This is one of those made up theories based on nothing other than my own thoughts...so take it as such...
It goes like this...bear with flagrant generalisations - it is the genre not the photographer I'm trying distil...if each genre of photography was a personality at a party...I would have street photography as the spontaneous, quick witted, humorous one...highly engaging, a flighty, social butterfly...not making long-term relationships and bestowed with that curious, intangible charisma! Photojournalism is the slightly more sensible older sibling. It is absent from the party...working...this genre is an adventurous free spirit with an engaging, determined demeanour. You can't help but listen to its fascinating anecdotes!!
I don't want to go through all the genres as I've only really thought of the two extremes on the continuum which is street photography and...landscape. Now landscape is a relative party pooper...quiet, often alone, contemplative and rarely spontaneous. This genre avoids people and is often intense. It has an eye for detail, will analyse endlessly and never stops planning. It is earnest and serious... 'deep and meaningful'...you feel compelled to get to know this enigmatic guest, intriguing and beguiling as they are.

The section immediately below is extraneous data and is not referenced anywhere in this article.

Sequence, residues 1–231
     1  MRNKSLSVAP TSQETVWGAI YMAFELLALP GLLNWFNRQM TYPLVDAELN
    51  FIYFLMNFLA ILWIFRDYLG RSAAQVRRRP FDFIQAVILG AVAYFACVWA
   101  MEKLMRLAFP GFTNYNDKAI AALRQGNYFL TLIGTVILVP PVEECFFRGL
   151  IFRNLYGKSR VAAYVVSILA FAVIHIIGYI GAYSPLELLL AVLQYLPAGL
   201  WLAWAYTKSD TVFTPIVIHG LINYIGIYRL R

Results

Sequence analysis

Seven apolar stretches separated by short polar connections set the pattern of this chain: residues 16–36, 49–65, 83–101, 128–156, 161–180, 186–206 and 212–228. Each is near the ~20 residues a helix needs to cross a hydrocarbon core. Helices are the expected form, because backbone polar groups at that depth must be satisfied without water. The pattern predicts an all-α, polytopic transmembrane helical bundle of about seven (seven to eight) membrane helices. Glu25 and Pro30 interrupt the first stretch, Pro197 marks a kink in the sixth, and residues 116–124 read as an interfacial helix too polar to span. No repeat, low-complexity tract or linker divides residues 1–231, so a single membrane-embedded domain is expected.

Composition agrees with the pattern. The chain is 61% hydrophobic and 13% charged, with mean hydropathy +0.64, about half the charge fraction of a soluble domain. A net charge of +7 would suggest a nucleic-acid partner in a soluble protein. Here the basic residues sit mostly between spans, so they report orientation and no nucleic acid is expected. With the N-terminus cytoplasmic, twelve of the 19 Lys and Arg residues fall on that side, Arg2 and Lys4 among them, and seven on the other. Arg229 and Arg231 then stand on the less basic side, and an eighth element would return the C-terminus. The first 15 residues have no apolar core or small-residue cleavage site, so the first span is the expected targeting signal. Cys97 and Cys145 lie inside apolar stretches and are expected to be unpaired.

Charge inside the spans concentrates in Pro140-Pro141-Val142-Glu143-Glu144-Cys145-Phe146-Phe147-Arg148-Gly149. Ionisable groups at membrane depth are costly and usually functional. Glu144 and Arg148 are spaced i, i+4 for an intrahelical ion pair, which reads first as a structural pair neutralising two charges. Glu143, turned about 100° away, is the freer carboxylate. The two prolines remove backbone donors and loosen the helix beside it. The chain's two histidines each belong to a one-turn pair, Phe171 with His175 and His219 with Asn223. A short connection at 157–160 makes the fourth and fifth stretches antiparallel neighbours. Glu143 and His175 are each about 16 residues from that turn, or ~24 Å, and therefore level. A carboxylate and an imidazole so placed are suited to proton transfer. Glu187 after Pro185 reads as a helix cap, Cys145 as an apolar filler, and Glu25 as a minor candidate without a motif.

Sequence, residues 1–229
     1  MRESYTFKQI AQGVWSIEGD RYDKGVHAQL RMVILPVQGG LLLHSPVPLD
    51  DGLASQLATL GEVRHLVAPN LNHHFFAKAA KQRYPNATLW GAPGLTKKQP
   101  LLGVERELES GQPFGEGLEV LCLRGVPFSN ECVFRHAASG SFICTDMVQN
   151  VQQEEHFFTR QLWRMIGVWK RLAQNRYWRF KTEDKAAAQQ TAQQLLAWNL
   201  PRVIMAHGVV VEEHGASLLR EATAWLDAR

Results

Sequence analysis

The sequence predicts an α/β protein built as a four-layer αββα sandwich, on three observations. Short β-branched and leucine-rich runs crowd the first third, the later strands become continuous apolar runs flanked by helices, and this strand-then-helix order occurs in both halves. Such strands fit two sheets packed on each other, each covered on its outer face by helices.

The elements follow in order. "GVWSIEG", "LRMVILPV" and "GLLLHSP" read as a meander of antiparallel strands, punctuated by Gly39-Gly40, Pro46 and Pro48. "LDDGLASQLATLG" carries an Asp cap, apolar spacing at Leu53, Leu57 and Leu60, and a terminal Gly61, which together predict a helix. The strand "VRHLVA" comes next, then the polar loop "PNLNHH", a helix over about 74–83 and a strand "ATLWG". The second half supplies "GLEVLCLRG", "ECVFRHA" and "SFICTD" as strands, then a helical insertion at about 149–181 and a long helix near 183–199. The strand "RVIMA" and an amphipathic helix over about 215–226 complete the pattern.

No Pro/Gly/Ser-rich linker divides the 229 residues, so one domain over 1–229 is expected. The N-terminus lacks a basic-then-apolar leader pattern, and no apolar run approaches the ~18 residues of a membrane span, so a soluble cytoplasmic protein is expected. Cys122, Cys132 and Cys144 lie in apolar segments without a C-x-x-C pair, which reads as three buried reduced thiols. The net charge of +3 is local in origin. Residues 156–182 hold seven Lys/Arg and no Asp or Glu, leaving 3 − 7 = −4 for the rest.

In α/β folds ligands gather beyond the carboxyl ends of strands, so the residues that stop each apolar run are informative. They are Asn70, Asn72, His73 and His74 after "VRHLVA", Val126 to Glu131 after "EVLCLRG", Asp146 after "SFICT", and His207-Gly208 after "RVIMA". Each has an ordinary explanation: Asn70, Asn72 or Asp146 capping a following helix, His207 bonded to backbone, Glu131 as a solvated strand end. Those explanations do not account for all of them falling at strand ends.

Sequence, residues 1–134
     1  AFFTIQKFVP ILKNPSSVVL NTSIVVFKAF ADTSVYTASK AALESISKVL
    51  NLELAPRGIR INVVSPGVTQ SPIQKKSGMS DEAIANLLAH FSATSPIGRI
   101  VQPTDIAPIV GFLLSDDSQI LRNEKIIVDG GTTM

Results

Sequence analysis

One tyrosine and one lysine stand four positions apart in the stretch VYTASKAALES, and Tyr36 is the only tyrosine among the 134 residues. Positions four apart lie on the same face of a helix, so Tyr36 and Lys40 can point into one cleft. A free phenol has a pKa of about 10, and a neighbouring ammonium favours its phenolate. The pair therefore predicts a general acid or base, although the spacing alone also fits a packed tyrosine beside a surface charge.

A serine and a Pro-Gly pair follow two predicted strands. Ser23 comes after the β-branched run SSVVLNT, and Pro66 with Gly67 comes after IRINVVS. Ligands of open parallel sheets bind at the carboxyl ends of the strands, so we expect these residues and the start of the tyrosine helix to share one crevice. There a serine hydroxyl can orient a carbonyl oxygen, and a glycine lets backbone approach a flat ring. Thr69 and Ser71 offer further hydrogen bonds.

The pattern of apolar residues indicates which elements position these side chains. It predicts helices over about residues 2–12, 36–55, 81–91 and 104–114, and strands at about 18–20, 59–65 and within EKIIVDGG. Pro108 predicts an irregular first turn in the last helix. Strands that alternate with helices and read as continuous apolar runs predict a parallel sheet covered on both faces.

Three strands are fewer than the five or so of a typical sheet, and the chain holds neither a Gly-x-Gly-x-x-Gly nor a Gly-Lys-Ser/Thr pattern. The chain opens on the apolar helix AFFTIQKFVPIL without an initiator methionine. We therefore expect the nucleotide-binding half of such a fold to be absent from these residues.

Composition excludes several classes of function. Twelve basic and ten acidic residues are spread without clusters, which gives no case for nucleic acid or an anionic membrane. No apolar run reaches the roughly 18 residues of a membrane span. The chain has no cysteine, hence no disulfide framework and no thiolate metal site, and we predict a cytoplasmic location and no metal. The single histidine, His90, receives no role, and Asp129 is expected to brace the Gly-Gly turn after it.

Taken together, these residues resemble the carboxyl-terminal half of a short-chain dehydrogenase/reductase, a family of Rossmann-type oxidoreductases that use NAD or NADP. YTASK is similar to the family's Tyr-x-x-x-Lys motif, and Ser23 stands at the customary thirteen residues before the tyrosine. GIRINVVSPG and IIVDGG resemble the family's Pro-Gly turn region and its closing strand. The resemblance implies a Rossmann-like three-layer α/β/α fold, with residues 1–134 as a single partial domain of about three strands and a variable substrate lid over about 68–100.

Where am I going with this...well, it is my way of articulating the differences between the genres. You have to draw on different sides of your personality depending on the type of photography you are pursuing. And some skills are likely to come easier to us depending on what we are like as individuals. I can see the benefit of trying all genres at this stage and seeing which 'fits' best. Or even amalgamating. I like the idea that the soc doc course I have just completed, where the aesthetics and technical aspects are secondary to capturing a moment, provides an interesting starting point for landscape, which has a rich history of technical precision and a predisposition to the aesthetics.
As I start to think 'landscape', I can feel my approach is already shifting. However, I'm reluctant to let go of the people side of photography altogether...landscapes can be quite dry unless there is some 'human' interest either in the picture or implied. Can humour and 'currentness' be incorporated in to the landscape occasionally?
I have today sent off my enrolment form for landscape. I'm doggedly pursued by thoughts, questions and ideas about landscape already and looking forward to exploring this genre.